My first suggestion for you is to look at the location of your dining room and dining table in your home. How close are they to the front door? In your case, it's better if the dining room and table are further towards the back of the home. If they are close to the front door, is it possible for you to move the dining room or table towards the back of the house / room, past the mid-line? Your dining table represents how you break bread with people, interact with them and connect with them. When the dining area is close to the door, it may indicate superficial friendships coming into and leaving from your life quickly. Kind of like "dining and dashing!"

If you do have the situation in your home with the dining area near the front door, but can't change it, there's still hope! The second option, if the first is not available to you, is to place a mirror in the dining area. Choose a large mirror (the larger, the better) and set it up so that it reflects the dining table towards the back of your home. This means that when you look at the mirror, you're facing the back of the home. This energetically pulls your dining table back further into the home and therefore further into the feng shui bagua layout of your home. This may seem a bit confusing, so I encourage you to submit your floor plan, and I can specify which wall to use. 

I also suggest using your dining area often, if you don't already. These days we often neglect dining tables and end up using them as landing places for old mail, working at home and essentially everything but eating! In fact, if you're working at your dining room table too often, that could signify that you are spending too much time on work and not enough on cultivating friendships. Take some time to clean off your table, and host a dinner party or a few friends to activate that energy. 

Finally, activate the Benefactors area of your home. You're not just looking for superficial friends, but for people who can connect with and support you. This means you're looking for Benefactors, helpful people in your life who comfort and encourage you. To welcome these relationships, activate the Benefactors area of the bagua. You can do this by adding a heavy statue in this area to provide support and stability. You can also add plants to your Benefactors area, especially plants with red flowers. Red is auspicious in feng shui, and green plants stimulate new growth and new beginnings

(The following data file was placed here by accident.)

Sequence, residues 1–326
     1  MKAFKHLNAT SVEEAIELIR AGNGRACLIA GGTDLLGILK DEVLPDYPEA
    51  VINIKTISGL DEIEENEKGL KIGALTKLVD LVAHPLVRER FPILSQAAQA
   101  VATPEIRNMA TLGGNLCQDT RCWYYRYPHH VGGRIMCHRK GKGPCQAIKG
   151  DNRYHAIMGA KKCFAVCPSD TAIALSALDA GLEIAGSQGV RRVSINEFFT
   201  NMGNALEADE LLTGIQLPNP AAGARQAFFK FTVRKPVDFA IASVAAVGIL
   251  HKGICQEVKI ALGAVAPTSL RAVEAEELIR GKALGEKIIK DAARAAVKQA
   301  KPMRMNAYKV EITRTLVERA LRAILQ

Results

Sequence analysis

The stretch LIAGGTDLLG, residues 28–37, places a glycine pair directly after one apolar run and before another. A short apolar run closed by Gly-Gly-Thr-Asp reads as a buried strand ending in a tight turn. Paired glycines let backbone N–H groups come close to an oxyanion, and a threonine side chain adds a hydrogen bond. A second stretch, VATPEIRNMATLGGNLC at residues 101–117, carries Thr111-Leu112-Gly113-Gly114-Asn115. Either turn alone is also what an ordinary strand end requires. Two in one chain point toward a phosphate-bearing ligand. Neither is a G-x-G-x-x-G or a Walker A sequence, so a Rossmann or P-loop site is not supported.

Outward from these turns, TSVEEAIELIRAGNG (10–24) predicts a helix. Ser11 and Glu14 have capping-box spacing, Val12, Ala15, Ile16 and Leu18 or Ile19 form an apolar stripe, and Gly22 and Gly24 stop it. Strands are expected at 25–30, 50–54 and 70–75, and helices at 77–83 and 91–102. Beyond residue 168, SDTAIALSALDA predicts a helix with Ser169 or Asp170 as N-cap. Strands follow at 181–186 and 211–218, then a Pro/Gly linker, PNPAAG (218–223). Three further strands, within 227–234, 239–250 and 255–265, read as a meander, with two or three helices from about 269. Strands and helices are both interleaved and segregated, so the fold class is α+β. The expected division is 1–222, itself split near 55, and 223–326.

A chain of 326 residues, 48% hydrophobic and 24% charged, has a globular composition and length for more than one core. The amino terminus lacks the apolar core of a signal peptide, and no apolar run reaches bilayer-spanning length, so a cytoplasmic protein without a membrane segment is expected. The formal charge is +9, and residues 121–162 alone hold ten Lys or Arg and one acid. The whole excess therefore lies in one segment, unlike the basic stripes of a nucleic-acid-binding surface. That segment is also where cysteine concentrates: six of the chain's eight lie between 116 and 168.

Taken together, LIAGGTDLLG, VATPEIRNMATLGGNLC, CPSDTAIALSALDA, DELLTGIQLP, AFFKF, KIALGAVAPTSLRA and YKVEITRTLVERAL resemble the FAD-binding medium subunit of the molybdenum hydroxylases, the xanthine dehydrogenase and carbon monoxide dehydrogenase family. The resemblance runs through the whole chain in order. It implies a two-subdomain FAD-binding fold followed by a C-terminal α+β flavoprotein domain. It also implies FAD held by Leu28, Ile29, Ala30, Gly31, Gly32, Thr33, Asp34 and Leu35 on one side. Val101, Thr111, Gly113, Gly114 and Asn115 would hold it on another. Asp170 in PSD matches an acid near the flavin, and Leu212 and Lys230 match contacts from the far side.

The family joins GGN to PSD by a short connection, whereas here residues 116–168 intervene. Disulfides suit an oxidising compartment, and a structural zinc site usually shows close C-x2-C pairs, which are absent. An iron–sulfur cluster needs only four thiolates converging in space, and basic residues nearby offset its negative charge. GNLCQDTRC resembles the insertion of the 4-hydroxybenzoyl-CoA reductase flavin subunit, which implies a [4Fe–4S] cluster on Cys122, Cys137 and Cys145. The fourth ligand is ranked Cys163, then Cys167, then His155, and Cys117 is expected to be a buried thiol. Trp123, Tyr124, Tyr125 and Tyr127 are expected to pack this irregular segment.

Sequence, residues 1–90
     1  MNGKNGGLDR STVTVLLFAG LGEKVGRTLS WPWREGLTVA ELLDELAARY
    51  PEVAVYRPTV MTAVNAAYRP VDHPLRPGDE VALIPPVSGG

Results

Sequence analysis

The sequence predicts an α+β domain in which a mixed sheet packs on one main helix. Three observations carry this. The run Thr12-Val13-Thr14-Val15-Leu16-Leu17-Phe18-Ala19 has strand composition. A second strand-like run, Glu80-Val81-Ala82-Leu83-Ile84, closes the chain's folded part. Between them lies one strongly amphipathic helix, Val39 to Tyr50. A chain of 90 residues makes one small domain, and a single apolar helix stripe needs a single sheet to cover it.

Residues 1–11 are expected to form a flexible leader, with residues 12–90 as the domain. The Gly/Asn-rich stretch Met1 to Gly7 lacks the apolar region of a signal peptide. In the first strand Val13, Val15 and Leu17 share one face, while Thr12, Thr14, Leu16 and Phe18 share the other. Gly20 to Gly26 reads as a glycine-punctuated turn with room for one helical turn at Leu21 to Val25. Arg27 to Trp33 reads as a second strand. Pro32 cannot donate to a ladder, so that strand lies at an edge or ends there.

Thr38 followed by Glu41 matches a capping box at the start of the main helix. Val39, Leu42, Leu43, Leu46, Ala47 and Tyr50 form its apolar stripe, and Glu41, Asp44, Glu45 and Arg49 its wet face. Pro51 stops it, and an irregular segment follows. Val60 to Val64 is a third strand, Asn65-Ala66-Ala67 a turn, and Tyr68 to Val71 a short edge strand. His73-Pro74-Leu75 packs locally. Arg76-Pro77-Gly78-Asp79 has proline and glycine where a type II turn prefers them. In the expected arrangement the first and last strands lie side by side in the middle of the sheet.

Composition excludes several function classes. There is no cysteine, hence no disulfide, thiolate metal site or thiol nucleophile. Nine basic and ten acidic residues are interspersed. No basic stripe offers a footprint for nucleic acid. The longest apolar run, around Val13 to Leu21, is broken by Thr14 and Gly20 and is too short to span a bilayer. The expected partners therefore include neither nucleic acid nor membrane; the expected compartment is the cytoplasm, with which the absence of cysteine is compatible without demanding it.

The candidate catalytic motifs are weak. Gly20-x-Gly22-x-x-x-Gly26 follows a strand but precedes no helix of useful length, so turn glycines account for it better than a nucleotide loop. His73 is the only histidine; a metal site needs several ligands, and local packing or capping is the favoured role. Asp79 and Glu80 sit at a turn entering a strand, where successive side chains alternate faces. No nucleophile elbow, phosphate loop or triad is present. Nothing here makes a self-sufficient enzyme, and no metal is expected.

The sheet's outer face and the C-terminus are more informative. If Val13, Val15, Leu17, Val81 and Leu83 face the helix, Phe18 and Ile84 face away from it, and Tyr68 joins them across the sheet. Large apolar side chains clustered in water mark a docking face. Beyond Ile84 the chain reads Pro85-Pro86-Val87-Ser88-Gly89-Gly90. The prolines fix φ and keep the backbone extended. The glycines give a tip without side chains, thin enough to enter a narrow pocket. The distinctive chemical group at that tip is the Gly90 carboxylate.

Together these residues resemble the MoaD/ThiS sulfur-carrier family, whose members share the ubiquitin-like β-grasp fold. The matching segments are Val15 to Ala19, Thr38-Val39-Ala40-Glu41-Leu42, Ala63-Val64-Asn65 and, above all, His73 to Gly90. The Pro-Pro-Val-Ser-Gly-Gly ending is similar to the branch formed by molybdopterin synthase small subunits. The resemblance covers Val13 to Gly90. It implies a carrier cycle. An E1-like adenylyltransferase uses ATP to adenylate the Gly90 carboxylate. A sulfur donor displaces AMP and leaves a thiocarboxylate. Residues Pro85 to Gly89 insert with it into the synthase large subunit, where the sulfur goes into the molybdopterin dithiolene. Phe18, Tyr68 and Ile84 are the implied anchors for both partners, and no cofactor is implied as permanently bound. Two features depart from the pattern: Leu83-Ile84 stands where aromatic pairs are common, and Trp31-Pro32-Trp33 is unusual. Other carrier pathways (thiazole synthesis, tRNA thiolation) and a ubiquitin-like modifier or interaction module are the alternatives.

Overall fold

If you'd like, send your floor plan along, and we'll take a more personal look at your dining area. If you're already working with a consultant, consider getting into the question a bit deeper and looking at your specific situation. Are you meeting lots of friends but not connecting? Do you not meet anyone? Do your friends often betray you? It's important to answer these questions so that you can take steps to adjust your space and life to make room for great friends!

by Anjie Cho


Thanks for reading our "Q&A Sunday".  We will be answering questions submitted by our readers. Click here to submit any Feng Shui or Green Design questions!


Go Fair Trade in Your Holistic Spaces

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October is Fair Trade Month, which is exciting for us, because Fair Trade principles align closely with what we work toward in creating truly nourishing holistic spaces. There are numerous organizations dedicated to moving us closer to a Fair Trade society, and though each of them has their own set of specific standards and guidelines, there are a few underlying principles that really define what it means to encourage Fair Trade. 

First, let's define "fair trade." According to Merriam-Webster, fair trade is 

a movement whose goal is to help producers in developing countries to get a fair price for their products so as to reduce poverty, provide for the ethical treatment of workers and farmers, and promote environmentally sustainable practices.

Following this general push to ensure that producers around the world are treated fairly and humanely, Fair Trade principles require that organizations participating in this trade meet the following guidelines:

  • Seek to create opportunities for disadvantaged producers
  • Maintain clear and understandable processes and procedures
  • Establish fair prices that will both benefit producers and find sustainability in market
  • Refrain from engaging in any sort of child labor or forced labor
  • Refrain from discrimination for any reason, including but not limited to, age, gender, caste, nationality, HIV status and political beliefs
  • Provide good working conditions
  • Provide training and beneficial opportunities for workers to build their skills
  • Actively promote fair trade